Queer Welsh horror film proves ‘gender-fluid, confused, sex-obsessed teens’ can be heroes

Dion (L) and Jude (R). (Strike Pictures Production_Nant)

Nant, created by Welsh filmmaker Tom Chetwode-Barton, is a fantasy-horror-queer coming-of-age story that finds its roots in Welsh mythology. 

The film, which had its world premiere at BFI London Film Festival, follows Dion (Pete Machale), a boy who finds confidence in his queer identity through being guided by Welsh spirits past.

When he meets Jude (Dylan Brady), a new arrival in town they form a bond that is tested and eventually rises victorious.

“I wanted to tell a story that was inherently queer and inherently Welsh,” Chetwode-Barton tells PinkNews.

He continues: “Pretty much all of my work stems from frustration and dissatisfaction at the level at which Wales is left out of the conversation politically, socially, culturally, economically.”

Nant. (Strike Pictures Production/Nant)

Nant features an almost entirely queer, trans and non-binary cast. (Strike Pictures Production/Nant)

Nant, spoken in Welsh and featuring an almost entirely queer, trans and non-binary cast and crew from Wales aims to show that the messages we take from folklore can be for anyone.

“The story is meant to show that these spirits would just as much guide a queer person or a disabled person, or a person of colour, as they would the typical hero in the story,

“If a straight Arthurian legend Arthur can pull a sword out of a lake, why not a gender-fluid, confused, sex-obsessed teenager in 2021?” Chetwode-Barton explains. 

The various spirits Dion meets on his journey are meant to be “hyper-sexualised queer versions” of Welsh figures such as Owain Glyndwr.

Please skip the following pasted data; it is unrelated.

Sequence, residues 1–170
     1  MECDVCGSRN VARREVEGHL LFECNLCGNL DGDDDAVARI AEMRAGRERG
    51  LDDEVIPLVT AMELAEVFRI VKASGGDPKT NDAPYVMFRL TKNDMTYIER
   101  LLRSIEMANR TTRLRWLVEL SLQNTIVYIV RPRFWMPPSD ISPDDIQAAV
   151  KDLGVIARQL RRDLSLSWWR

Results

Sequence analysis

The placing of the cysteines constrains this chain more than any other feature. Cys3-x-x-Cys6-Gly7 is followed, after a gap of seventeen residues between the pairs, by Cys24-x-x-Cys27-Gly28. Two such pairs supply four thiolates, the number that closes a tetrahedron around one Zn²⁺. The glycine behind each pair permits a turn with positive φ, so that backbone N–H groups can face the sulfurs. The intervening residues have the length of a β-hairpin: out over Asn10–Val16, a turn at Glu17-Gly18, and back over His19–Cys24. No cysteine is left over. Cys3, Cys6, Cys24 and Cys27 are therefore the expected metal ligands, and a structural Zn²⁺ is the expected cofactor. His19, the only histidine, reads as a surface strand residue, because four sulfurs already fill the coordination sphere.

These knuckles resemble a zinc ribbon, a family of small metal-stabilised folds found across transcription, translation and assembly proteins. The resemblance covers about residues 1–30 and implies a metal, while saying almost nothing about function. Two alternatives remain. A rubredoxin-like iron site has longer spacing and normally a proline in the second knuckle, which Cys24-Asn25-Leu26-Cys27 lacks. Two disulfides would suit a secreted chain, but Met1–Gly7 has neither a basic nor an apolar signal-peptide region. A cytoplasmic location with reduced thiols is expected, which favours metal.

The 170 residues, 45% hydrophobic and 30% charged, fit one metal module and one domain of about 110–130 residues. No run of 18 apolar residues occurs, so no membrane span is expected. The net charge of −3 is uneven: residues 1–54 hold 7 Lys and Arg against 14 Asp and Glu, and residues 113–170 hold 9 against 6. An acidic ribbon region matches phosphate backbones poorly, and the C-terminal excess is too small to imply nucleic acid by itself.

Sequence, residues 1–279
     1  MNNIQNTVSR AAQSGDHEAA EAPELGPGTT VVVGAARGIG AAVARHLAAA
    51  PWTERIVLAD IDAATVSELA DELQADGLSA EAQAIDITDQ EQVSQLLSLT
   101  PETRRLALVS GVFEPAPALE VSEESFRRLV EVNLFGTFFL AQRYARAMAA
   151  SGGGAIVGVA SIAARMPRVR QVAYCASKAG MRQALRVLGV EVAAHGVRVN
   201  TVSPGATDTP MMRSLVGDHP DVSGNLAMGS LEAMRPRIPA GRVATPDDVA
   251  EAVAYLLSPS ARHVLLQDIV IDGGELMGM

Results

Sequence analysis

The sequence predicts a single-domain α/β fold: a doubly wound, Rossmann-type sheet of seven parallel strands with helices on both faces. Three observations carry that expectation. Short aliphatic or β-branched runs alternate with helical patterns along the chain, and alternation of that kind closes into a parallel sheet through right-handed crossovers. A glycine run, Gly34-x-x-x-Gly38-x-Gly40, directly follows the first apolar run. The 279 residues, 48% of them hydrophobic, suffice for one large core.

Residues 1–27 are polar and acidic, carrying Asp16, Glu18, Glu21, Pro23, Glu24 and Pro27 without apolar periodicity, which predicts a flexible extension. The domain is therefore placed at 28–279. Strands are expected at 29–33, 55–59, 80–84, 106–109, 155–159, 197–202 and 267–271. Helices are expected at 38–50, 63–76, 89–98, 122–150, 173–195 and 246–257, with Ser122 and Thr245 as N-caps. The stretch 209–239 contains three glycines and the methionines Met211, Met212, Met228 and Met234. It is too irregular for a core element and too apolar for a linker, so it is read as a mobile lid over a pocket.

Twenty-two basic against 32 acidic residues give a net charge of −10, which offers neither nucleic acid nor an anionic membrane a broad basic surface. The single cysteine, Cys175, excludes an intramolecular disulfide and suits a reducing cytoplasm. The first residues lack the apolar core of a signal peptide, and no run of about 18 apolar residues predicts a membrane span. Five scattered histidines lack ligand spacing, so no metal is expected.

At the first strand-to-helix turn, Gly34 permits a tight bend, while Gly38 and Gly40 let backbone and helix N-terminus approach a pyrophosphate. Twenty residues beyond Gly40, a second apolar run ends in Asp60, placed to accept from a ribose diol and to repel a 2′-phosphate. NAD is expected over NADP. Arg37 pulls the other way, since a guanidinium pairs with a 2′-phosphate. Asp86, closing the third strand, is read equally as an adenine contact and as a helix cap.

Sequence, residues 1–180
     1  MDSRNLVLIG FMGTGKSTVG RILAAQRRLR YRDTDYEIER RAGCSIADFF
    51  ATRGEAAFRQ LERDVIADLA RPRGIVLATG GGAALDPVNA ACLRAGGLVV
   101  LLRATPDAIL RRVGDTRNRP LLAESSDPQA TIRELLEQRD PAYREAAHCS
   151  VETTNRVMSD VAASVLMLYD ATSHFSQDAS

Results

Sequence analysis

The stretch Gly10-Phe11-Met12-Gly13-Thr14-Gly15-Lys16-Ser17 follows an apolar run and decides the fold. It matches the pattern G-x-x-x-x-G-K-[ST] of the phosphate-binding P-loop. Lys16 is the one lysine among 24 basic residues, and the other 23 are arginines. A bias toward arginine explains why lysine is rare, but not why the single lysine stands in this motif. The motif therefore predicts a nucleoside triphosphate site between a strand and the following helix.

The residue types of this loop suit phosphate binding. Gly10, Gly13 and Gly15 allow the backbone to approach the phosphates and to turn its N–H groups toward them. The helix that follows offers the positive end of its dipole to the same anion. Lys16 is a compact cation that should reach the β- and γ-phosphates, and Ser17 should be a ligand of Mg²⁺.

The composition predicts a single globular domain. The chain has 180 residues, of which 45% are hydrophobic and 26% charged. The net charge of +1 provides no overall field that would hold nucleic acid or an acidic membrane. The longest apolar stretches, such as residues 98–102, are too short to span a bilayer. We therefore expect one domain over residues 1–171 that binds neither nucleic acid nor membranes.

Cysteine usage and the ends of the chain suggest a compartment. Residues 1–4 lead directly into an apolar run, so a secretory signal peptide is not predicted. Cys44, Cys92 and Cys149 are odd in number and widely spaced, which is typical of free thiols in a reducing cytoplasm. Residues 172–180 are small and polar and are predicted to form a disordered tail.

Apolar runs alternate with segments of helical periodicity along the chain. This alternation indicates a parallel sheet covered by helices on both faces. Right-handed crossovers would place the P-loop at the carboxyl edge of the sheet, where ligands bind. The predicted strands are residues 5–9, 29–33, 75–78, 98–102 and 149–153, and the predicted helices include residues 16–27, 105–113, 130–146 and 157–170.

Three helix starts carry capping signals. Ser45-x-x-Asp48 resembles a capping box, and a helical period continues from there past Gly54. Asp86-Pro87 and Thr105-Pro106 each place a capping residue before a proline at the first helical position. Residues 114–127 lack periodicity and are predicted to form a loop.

“Some of them were just meant to represent ghosts of Welsh past who themselves could very easily have been queer, but not have been able to show it,” he says. 

When Dion meets Jude (Dylan Brady), they embark on a sweet romance, which included filming intimate scenes between the two. 

Jude (L) and Dion (R). (Strike Pictures Production/Nant)

Chetwode-Barton ‘wanted to tell a story that was inherently queer and Welsh’. (Strike Pictures Production/Nant)

Chetwode-Barton says: “Our intimacy coordinator, Hardman, was incredible. The process of working with her was an amazing combination of interpretive dance and a deep understanding of consent and boundaries.”

Jude cannot see the spirits at the beginning of the film and eventually betrays Dion in his fear of being found out, however by the end, we see his redemption as he embraces the spirit and shows up for Dion. 

The final scene in Nant sees Dion ascending into the sky in a moment of sheer power. The inspiration for this scene came from Lord of the Rings when Galadriel refuses the ring and floats up. 

“I wanted it to feel like Dion is harnessing this ancestral power that he previously wasn’t able to tap into.

“There is power in this ancestral struggle that we all share and it’s magical and strong, and a lot bigger than you would think,” Chetwode-Barton concludes.